Happy New Year, peeps! I hope you all had a lovely Christmas break and have come back refreshed. I have to say, I was quite delighted to get back to the routine… and then I got back to the routine and decided it wasn’t that great after all. Hey ho.
So what does 2015 have in store? Most excitingly a trip to New Zealand is in the pipeline this December. Yup, Christmas 2015 will be spent on the South Island with Husband’s brother and his family, which is something to look forward to, and a motivating factor in my quest to get fit and healthy.
So, time permitting, I am getting back into running and have already been several times during the last couple of weeks. Of course, it’s fitting it in around the family and work that’s the issue, especially given that it’s dark in the morning and the evening, which I don’t find very motivating. But I have also built more walking into my daily commute, which is good for my health, and has the added benefit of being cheaper, too. I have been listening to the (very gripping) Serial podcast as I walk, which helps pass the time.
We’ve been making lots of delicious smoothies and healthy breakfasts, including overnight oats, here at OH HQ, too (more to come on this soon!), and both Husband and I have been doing loads of cooking from various cookbooks – new and old, which has been lovely.
I am LOVING our new KitchenAid, and so Littlest and I spent the afternoon making a chocolate cake because, well, just because really! She loved cracking the eggs, sifting the flour (although she did get bored half way through) and stirring and mixing. A great way to pass a winter’s afternoon with a little one.
Come on, it’s time to fall off that sugar-free wagon in style. Just a small slice…
Moist Rich Chocolate Cake
This recipe is slightly adapted from The Guardian’s ‘Guide to Baking’, which was given away with the newspaper way back in 2007 and this chocolate cake is simply incredible. The icing is from Nigella’s Feast, and is the icing she uses on her Chocolate Guinness Cake. Nothing healthy here, I’m afraid, it’s pure indulgence!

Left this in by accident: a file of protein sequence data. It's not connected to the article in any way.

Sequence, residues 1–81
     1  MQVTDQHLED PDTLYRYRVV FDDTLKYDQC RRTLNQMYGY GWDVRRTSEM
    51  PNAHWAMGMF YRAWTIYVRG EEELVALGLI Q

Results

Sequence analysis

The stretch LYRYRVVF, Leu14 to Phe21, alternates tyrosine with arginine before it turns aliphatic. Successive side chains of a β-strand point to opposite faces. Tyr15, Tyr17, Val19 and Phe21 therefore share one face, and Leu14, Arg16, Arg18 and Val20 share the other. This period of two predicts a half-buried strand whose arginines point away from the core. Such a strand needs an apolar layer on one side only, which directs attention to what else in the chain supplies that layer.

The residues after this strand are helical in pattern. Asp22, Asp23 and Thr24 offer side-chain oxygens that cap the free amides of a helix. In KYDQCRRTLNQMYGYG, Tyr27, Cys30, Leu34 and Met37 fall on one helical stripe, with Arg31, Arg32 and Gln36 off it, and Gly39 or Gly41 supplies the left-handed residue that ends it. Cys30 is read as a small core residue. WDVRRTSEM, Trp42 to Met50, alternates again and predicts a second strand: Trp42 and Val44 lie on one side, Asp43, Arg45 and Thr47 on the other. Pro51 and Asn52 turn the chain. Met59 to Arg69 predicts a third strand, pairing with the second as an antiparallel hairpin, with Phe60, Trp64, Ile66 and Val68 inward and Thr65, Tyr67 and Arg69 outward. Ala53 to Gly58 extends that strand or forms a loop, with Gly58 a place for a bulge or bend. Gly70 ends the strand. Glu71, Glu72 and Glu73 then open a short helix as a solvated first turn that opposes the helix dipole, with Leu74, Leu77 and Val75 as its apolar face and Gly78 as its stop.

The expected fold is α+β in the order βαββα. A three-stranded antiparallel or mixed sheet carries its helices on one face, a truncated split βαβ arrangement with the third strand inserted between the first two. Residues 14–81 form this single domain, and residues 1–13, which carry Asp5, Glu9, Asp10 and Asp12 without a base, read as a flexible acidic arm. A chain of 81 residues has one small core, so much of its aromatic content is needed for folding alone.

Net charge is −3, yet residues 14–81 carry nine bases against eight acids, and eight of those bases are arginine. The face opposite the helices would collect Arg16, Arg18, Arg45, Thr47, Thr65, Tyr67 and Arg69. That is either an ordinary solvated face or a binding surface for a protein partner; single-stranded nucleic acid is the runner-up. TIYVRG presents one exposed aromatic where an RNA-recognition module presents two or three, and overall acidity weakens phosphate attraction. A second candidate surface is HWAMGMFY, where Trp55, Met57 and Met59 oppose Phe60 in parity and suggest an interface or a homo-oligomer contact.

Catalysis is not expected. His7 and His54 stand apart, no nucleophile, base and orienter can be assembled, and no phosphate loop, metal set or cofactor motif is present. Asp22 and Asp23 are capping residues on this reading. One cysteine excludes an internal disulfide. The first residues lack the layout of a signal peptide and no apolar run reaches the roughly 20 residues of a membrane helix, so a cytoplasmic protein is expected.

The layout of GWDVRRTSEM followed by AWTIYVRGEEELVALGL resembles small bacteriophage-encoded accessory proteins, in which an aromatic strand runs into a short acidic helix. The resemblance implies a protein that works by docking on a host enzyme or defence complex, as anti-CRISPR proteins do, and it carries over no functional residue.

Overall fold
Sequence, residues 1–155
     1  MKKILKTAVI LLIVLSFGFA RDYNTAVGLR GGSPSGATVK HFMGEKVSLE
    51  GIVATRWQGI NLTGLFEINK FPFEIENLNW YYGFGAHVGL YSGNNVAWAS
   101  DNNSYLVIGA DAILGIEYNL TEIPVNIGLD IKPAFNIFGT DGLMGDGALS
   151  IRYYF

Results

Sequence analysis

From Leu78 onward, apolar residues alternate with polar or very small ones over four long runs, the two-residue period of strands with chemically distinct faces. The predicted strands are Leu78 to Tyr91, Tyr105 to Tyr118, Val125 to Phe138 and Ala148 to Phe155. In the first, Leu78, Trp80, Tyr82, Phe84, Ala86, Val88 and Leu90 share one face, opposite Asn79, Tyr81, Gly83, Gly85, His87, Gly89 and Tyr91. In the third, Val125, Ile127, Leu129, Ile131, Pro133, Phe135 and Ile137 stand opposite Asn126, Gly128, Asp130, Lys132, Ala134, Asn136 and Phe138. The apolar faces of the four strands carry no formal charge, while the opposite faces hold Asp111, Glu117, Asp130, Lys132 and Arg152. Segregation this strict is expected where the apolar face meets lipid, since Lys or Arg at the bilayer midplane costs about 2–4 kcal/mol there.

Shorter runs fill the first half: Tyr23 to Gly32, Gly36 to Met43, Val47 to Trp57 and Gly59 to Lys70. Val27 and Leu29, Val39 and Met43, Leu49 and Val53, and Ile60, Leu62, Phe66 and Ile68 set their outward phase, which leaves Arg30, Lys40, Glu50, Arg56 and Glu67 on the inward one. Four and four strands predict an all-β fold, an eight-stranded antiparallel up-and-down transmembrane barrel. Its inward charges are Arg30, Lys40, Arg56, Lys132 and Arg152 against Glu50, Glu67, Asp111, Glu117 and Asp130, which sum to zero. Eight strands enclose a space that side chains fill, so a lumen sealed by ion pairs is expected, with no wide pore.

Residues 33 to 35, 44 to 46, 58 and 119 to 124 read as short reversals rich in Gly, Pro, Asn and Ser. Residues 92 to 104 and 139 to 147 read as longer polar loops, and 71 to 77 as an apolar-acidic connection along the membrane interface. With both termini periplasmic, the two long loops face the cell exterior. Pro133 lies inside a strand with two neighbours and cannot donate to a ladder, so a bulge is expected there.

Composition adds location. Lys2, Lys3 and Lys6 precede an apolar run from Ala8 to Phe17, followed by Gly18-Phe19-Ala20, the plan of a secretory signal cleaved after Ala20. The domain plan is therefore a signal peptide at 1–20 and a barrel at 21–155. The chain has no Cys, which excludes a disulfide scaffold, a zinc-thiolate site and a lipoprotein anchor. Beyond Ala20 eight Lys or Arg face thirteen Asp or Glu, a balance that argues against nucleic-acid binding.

You will need:
375ml boiling milk
100g dark chocolate, chopped (I just broke into chunks tbh)
275g caster sugar
225g plain flour
75g cocoa powder
1½ tsp baking powder
¾tsp bicarbonate of soda
1 large free-range egg, plus one yolk
75ml sunflower oil
25g golden syrup
2tsp vanilla extract
What to do:
- Heat the oven to 180C (160C Fan) and line the base of a 20cm diameter, 9cm deep round cake tin (or the closest you have to this) with baking parchment.
- Melt the chocolate into the boiling milk and allow to stand and cool for 15 minutes or so.
- Meanwhile, weigh and sift all of the dry ingredients into a large mixing bowl (I used the KitchenAid bowl).
- Whisk together the eggs, oil, golden syrup and vanilla and then beat into your milky-chocolate mix from step 2.
- Whisk this liquid into your dry ingredients for 30 seconds (this is where I used the KitchenAid) until smooth, and pour the batter into the tin.
- Bake for approx. 50 minutes, or until a skewer inserted comes out clean.
- Allow to cool before topping with the below.
For the topping you will need:
150g Philadelphia cream cheese
75g icing sugar
60ml double cream
Cocoa powder for dusting
What to do:
- Lightly whip the cream cheese until smooth – I used the KitchenAid to do this (because I love it).
- Sieve over the icing sugar, and then beat both together.
- Add the cream and beat again until it makes a spreadable consistency. Spread over the top of your cake and sprinkle with cocoa powder from a fine-mesh sieve.
I recently had the pleasure of spending a day with professional food stylist Rosie Reynolds, who gave me some expert food styling advice for food blog photos. Rosie and I met through work, and she was so enthusiastic about my blog, she came to see me at One-Handed HQ for a Halloween-themed baking, decorating and photo session.
We baked delicious chocolate cupcakes, which we decorated using jelly snakes to make Snake Cupcakes, and with chocolate icing and cola laces to make Spider Cupcakes, which we then had great fun setting up in a spooky Halloween tableau (above), complete with skeletons dangling down, all lit by candlelight. In the words of Miranda: such fun!
Rosie has a great eye, and one of the best tips I learnt from her was to take the photo and then look at it really carefully on-screen before deciding what to add in or what to remove to get the best possible shot. Make the change, then take another photo, and compare the two. Usually the secret is taking something away to simplify things and let the food take centre stage.
Another great tip is to try to keep the food and the styling as natural as possible – if you’re serving a casserole, for instance, don’t be afraid to dig into the food and swirl it around with the serving spoon, so it looks accessible and yummy. For cakes and puddings, a few crumbs scattered around make it look even more delicious and homemade.